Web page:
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P&S Journal

P&S Journal: Spring 1995, Vol.15, No.2
Alumni Association Activities
Alumni Council

Dr. Michael Shelanski, the Francis E. Delafield Professor and Chairman of Pathology, was the guest speaker at the Alumni Council dinner Sept. 21. Dr. Shelanski reviewed the past accomplishments of the department, citing in particular the work of such notable faculty members as Arthur Purdy Stout, Virginia Kneeland Frantz'22, and Raffaele Lattes'46 MSD. Upon his arrival in 1987, he said, the hospital and the medical school agreed to make a $7 million investment in the department.

Dr. Shelanski credited Jay Lefkowitch'76 for his strong leadership in developing the course of study for undergraduate medical students. One of the department's failings, he noted, was in recruiting students, and he hopes to remedy the situation. Recent discoveries and advances by faculty members include the cloning of the first human oncogene by Dr. Riccardo Dalla-Favera, a member of the Division of Cellular and Molecular Biology, and major advances in our understanding of molecular mechanisms of oncogenesis by Drs. Ben Tycko, Hanina Hibshoosh, Jan Kitajewski, and John Krolewski, members of the Oncology Division.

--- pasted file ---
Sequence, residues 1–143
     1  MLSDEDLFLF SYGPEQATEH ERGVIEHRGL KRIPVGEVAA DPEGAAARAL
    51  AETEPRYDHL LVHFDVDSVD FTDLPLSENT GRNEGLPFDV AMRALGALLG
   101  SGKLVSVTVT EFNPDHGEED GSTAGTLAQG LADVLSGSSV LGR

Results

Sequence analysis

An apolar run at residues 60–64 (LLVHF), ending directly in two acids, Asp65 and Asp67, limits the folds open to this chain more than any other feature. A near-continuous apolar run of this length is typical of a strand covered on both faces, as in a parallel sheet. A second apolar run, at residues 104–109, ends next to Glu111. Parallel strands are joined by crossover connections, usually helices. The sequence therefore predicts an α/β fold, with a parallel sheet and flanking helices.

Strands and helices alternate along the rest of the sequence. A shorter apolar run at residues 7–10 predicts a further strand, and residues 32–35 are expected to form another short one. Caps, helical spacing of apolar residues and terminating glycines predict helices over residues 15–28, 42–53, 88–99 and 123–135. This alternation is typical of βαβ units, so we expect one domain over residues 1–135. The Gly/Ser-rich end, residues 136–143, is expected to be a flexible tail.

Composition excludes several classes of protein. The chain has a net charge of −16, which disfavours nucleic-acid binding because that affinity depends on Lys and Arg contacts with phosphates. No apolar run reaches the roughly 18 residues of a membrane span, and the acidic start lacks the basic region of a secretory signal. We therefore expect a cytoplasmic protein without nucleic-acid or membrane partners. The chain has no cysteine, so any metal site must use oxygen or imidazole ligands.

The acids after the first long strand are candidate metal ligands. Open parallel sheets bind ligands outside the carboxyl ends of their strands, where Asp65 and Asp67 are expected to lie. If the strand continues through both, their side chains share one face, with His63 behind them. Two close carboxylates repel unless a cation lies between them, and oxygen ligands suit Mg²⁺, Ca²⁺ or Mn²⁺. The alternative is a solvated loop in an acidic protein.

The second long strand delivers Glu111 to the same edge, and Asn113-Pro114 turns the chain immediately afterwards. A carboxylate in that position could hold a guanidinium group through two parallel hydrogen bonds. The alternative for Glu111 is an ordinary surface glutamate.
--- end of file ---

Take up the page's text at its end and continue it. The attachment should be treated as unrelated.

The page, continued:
At the Nov. 16 council dinner, the guest speaker, Dr. David Bickers, the Nelson Professor and Chairman of Dermatology, outlined the department's past glories and his vision for the future. He says he hopes to rebuild the department by stimulating the scientific base of the discipline in work done in soon-to-be refurbished laboratories on the 15th floor of the Vanderbilt Clinic. One of the growth areas for academic dermatology in the future, he predicted, will be the teaching of dermatology to non-dermatologists, primary care physicians, and others. As to the scientific basis of dermatology, he said, "We've only scratched the surface. Pardon the pun!" Future study will focus on the skin's role as the most distant outpost of the nervous system. To this end, Dr. Bickers hopes to establish a basic science program on the neurobiology of the skin. "The skin," he insisted, "is a wonderful model system for studying human biology in general." Dr. David Bickers

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